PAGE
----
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How Well Can Makerspaces Build an Entrepreneurial Mindset?

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Conference

2021 ASEE Virtual Annual Conference Content Access

Location

Virtual Conference

Publication Date

July 26, 2021

Start Date

July 26, 2021

End Date

July 19, 2022

Conference Session

Entrepreneurship & Engineering Innovation Division Technical Session 7

Tagged Division

Entrepreneurship & Engineering Innovation

Tagged Topic

Diversity

Page Count

19

Permanent URL

https://peer.asee.org/37262

Download Count

72

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Paper Authors

biography

Stephanie M. Gillespie University of New Haven

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Stephanie Gillespie is the Associate Dean of the Tagliatela College of Engineering at the University of New Haven. She previously specialized in service learning while teaching at the Arizona State University in the Engineering Projects in Community Service (EPICS) program. Her current teaching and research interests are in developing study skills and identity in first-year engineering students and improving retention rates. She acts as a faculty liaison for the University of New Haven Makerspace and facilitates student and faculty training. She received her Ph.D. in Electrical and Computer Engineering from the Georgia Institute of Technology, and her BSEE from the University of Miami.

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Onyinyechi Nwadiuto Agu University of New Haven

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Onyinyechi Nwadiuto Agu is a Graduate student at the University of New Haven in West Haven, Connecticut. She is studying Data science and is expected to graduate in December 2021. She aspires to further her education and professional career by obtaining her Ph.D in Data science. Her professional interest are in engineering education as well as Machine learning and Natural language processing. In addition to her academic pursuit, Onyinyechi currently occupies the position of Executive Assistant at Data Scientist Alliance and Africa Graduate Students Association at the University of New Haven.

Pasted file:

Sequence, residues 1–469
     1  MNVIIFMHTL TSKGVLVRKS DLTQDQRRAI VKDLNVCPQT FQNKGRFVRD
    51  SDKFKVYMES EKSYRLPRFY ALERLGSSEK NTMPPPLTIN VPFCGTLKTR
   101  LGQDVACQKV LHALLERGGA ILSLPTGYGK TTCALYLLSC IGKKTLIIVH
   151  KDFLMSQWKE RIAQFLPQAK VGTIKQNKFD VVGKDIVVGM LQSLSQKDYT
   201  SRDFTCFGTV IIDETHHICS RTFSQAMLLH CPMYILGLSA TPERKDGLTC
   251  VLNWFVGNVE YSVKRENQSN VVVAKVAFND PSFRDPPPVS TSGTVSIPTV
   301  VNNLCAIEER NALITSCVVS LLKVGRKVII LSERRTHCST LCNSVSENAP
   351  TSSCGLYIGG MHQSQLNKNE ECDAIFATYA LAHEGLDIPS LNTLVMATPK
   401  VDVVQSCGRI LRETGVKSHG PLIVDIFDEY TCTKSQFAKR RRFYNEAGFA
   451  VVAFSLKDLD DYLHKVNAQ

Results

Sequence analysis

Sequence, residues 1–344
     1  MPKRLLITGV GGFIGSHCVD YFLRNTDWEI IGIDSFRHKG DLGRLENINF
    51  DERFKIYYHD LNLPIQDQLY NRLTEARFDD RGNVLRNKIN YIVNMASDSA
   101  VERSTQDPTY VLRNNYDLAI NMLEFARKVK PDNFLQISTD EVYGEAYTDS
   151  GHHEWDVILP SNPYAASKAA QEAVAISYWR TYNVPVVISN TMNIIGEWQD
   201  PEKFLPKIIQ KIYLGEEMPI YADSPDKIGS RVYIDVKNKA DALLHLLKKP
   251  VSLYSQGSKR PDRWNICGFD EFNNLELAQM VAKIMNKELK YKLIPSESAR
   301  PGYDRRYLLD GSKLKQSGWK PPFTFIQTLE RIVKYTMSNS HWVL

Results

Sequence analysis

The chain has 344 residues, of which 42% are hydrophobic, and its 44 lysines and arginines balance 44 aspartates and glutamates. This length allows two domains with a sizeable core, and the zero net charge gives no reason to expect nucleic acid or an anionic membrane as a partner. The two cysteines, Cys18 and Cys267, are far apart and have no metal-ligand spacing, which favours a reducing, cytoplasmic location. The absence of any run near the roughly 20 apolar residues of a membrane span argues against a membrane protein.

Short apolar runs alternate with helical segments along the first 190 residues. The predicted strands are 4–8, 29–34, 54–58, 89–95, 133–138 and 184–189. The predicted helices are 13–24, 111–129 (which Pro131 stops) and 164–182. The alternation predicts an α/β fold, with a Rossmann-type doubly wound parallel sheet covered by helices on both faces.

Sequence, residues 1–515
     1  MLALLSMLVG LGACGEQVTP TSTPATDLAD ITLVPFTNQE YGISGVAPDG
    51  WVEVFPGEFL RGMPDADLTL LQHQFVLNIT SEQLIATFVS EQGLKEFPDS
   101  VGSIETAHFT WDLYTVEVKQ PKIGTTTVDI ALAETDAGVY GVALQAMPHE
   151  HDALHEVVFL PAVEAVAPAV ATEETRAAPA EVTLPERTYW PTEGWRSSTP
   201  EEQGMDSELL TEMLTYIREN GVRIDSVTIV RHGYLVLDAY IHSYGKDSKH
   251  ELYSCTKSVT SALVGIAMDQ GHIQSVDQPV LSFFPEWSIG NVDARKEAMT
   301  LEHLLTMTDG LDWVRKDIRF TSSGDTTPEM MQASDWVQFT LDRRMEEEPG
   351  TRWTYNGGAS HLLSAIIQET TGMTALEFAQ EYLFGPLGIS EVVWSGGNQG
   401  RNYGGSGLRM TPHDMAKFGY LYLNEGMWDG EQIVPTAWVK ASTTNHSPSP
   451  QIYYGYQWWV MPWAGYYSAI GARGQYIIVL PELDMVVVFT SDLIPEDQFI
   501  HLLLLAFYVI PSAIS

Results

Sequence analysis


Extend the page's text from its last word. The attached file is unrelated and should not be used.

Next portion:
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Erica Maggiore University of New Haven

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Erica Maggiore is currently an undergraduate student at the University of New Haven in West Haven, Connecticut studying computer engineering and minoring in mathematics. Erica will be graduating May of 2021. She aspires to obtain her Masters degree and Ph.D. Erica is currently the Vice President and Executive Assistant of the student chapter of the Latin American Student Association, and a Diversity Peer Educator for the Myatt Center for Diversity and Inclusion on her campus. Her research paper was completed while working as one of the two Engineering Education Research Assistants.

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Abstract